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    can someone help me with one question... module 4, Floating points numbers

    Basically, you've got the number 1011 1010 0000 0011

    10 bit mantissa, 6 bit exponent

    1011 1010 00 | 000011

    exponent +3, to get the number i move the dec point to the right 3 places

    101.1101

    i get 4+1. 1/2+1/4+1/16= 5 whatever....

    But the marking skeems says the answer is 4 3/8 ( or 35/8)

    How the hell did they get that!! Plz somebody help me... that was january 2003 paper if someone interested...
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    Lol. I'm glad I dont have to do that sh*t ever again.
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    ... hm, that's very encouraging,
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    does anyone at all doing A2 computing here?
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    this forum sux! Nobody knows the answer to the simple floating point question...
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    I can do IEEE 754 floating point, but you haven't specified in what format the mantissa and exponent are stored - biased representation? unsigned with single sign bit? two's complement?

    Never did A level computing so I don't know what craz scheme they made up for that!

    Alaric.
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    ops sorry forgot to tell ya... i believe it is in twos complement. any ideas how they got the answer?
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    (Original post by maljosh)
    i believe it is in twos complement. any ideas how they got the answer?
    In a word, no.

    The first number you listed was a 15bit one, with the third block only having three numbers, makesure there isn't a 1 in there some where.
    I'm also not entirely sure what their doing about normalising/denormalising and hidden bits. The answer may of course be wrong if you're doing it the way you've been taught and not getting it correct.

    sorry i can't be of much more help

    Alaric.
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    thanks for helping anyways.. i appreciate it mate...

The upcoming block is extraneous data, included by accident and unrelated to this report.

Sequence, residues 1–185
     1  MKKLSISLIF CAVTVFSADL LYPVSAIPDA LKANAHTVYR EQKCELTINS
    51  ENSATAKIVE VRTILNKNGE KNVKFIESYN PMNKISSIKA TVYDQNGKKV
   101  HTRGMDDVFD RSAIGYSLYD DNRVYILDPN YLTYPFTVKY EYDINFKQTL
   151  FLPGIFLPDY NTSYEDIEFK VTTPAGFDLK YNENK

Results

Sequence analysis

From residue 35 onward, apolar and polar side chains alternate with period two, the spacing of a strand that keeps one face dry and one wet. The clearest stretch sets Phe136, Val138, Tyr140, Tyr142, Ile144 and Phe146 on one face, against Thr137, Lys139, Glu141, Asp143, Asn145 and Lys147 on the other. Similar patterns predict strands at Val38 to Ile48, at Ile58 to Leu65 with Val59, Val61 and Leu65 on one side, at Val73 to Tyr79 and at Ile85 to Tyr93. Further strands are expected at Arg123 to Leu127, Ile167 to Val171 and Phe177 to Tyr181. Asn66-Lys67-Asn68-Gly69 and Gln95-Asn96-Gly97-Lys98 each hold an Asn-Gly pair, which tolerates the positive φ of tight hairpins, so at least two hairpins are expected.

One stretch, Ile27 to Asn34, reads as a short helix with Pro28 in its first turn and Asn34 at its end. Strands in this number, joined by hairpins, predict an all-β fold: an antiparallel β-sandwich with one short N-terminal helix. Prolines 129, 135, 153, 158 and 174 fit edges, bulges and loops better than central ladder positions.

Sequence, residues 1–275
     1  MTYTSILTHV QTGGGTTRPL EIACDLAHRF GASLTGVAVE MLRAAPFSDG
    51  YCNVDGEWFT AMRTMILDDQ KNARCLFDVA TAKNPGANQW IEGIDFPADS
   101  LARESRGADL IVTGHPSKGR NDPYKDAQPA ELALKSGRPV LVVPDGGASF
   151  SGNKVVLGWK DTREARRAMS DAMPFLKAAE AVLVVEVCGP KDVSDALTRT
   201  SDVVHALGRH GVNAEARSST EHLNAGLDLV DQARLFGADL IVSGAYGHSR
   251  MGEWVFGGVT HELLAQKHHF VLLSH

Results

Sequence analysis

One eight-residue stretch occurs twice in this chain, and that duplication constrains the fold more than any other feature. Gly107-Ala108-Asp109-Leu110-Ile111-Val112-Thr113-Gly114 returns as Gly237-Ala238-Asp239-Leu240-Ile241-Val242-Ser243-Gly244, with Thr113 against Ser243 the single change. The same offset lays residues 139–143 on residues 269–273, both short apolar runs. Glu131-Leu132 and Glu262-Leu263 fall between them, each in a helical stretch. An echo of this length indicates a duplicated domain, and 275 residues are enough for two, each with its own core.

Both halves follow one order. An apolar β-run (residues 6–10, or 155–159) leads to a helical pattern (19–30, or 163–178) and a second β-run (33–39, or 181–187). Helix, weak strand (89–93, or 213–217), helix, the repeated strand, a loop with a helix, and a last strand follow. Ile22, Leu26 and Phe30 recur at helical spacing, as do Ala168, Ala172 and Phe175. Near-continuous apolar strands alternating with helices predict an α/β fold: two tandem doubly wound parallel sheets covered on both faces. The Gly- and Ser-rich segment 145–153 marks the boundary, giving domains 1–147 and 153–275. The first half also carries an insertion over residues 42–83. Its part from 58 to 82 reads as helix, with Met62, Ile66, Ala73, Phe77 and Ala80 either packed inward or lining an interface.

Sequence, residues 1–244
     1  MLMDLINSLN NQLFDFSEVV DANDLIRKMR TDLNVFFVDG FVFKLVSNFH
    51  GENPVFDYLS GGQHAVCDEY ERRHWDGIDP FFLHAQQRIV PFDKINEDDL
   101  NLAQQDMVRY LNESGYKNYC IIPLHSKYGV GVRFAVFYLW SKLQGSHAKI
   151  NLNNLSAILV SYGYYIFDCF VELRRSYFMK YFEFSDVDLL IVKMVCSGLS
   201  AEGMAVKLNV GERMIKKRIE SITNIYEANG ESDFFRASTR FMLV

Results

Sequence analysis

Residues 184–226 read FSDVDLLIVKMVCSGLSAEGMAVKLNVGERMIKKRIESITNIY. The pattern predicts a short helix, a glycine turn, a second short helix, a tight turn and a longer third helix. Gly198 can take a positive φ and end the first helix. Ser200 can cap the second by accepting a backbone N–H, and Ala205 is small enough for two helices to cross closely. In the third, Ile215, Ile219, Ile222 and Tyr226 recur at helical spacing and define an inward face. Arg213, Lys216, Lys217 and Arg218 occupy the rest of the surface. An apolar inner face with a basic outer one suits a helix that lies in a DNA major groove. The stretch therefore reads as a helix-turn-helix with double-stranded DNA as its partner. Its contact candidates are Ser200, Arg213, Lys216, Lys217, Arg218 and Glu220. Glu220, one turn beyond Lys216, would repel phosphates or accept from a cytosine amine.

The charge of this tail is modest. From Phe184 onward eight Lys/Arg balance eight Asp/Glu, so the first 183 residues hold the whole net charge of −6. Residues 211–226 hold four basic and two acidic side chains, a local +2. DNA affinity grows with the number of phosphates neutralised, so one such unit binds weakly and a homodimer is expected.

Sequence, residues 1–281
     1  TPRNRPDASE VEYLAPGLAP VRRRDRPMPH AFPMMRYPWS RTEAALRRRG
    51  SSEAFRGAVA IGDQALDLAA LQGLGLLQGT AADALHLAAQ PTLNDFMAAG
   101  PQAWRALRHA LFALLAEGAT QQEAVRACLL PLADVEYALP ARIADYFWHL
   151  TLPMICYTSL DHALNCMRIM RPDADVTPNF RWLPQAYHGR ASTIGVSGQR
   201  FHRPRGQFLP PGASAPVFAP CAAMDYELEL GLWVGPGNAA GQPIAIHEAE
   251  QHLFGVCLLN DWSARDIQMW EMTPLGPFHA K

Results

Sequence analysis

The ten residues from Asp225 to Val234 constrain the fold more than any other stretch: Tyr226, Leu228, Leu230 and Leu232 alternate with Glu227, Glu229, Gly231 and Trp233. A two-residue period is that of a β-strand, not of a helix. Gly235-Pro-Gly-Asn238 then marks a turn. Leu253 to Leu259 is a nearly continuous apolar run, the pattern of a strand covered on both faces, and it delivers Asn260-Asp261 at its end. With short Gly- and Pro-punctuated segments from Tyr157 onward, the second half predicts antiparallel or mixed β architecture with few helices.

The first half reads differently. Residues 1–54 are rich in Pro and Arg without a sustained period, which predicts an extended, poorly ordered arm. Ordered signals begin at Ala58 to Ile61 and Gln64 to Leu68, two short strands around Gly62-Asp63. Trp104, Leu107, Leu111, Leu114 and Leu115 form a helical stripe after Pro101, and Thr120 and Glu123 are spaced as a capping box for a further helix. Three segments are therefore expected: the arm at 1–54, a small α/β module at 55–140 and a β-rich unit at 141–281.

i've made a correction, i missed a 0 there... it didn't affect my calculations though... it's a very confusing question... the book sux, there is no proper explanation.
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    interestingly I think if you take the first ten bits as 2s complement you get -280.
    35/8 is 280/2^6
    or 280 * 2^(-6).

    so it seems to be fairly close, I can't quite work it out though, it may have something to do with hidden bits, but I don't know how they're dealing with that! (Oh and the negative signs are little messed)

    All in all I prefer IEEE754

    Alaric.
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    well, that looks like the correct answer... but i don't think they ever mentioned anything about hidded bits anywhere in the book... no way, they can give us something like that...
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    Hey, at last i know the answer...

    Firstly, calculate exponent which is +3, then you place decimal point in the right place ignoring the first 1, which is just to tell us that the number is negative.

    10 bit mantissa, 6 bit exponent

    1 .011 1010 00 | 000011

    Secondly, you twos complement mantissa, because it was in twos complement you have to twos complement it back....(don't forget we ignore the very first 1)

    011 1010 00= 100011000

    Thirdly, you shift decimal place 3 places to the right:

    100.011000 and we get 4 + 1/4 + 1/8= -4.375

    It wasn't such a difficult question afterall...
 
 
 
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